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Hundreds of anti-Putin protesters detained in Russia

Monday, March 5, 2012
(Reuters) - Russian riot police detained hundreds of protesters including their figurehead, Alexei Navalny, on Monday at rallies challenging Vladimir Putin's victory in a presidential election.

Putin, who secured almost 64 percent of the votes on Sunday, portrayed his return to the presidency as a triumph over opponents who were trying to usurp power, though international monitors said the vote was clearly skewed in his favour.

But opposition leaders said they drew 20,000 people into Moscow's Pushkin Square, the scene of dissident protests during Soviet times, to call for new elections and an opening up of the political system crafted by Putin during his 12-year rule.

"They robbed us," Navalny, an anti-corruption blogger, told the crowd before his detention. "We are the power," he said to chants of "Russia without Putin."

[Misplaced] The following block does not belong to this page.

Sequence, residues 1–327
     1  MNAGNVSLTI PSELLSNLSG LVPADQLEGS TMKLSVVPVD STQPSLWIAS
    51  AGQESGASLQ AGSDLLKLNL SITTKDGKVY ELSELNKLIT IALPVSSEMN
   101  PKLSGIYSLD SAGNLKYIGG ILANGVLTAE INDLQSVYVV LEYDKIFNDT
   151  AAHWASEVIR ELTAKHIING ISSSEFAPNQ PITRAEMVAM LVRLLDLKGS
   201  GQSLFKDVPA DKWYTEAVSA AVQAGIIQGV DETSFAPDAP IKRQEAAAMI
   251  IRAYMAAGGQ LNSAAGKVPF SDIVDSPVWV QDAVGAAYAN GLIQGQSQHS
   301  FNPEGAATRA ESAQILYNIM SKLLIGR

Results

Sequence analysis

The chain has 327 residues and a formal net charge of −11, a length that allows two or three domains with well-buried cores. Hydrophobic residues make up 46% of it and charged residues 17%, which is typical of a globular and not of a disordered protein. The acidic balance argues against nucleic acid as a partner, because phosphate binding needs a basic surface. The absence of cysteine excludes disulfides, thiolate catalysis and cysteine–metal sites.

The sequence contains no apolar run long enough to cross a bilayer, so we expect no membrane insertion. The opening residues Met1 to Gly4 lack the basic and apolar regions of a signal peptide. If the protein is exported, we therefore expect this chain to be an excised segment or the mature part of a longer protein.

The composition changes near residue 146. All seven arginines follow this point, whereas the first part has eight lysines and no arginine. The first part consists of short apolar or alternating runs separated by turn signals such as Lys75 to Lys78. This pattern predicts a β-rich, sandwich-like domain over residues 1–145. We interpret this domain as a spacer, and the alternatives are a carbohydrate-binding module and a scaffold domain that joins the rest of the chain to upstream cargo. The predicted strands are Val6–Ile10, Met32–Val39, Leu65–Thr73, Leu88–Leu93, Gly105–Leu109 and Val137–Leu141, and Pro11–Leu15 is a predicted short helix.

The atmosphere at the rally was jovial at first, but became tense when riot police in helmets moved in to disperse several thousand activists who stayed on the square.

Encircling one group of protest leaders huddled in a fountain closed down for winter, black-helmeted riot police detained Navalny, 35, and others, marching them to waiting police vans.

Opposition leaders said 500-1,000 people were arrested but police put the number at 250 and said 14,000 people had attended the rally.

Thousands of Putin supporters staged rallies closer to the red walls of the Kremlin, singing songs, waving Russian flags and chanting Prime Minister Putin's name.

At least a further 350 people were detained by riot police - about 300 at unsanctioned protests in the northern city of St Petersburg, Putin's home town, and 50 at Moscow's Lubyanka Square, the seat of the Soviet-era KGB. Up to 3,000 people turned out in St Petersburg, witnesses said.

Putin says he won a six-year term as Kremlin chief in a fair and open contest, but vote monitors from the Organization for Security and Co-operation in Europe echoed the opposition's complaints that the election had been slanted to help him.

"The point of elections is that the outcome should be uncertain. This was not the case in Russia," Tonino Picula, one of the vote monitors, said on Monday. "According to our assessment, these elections were unfair."

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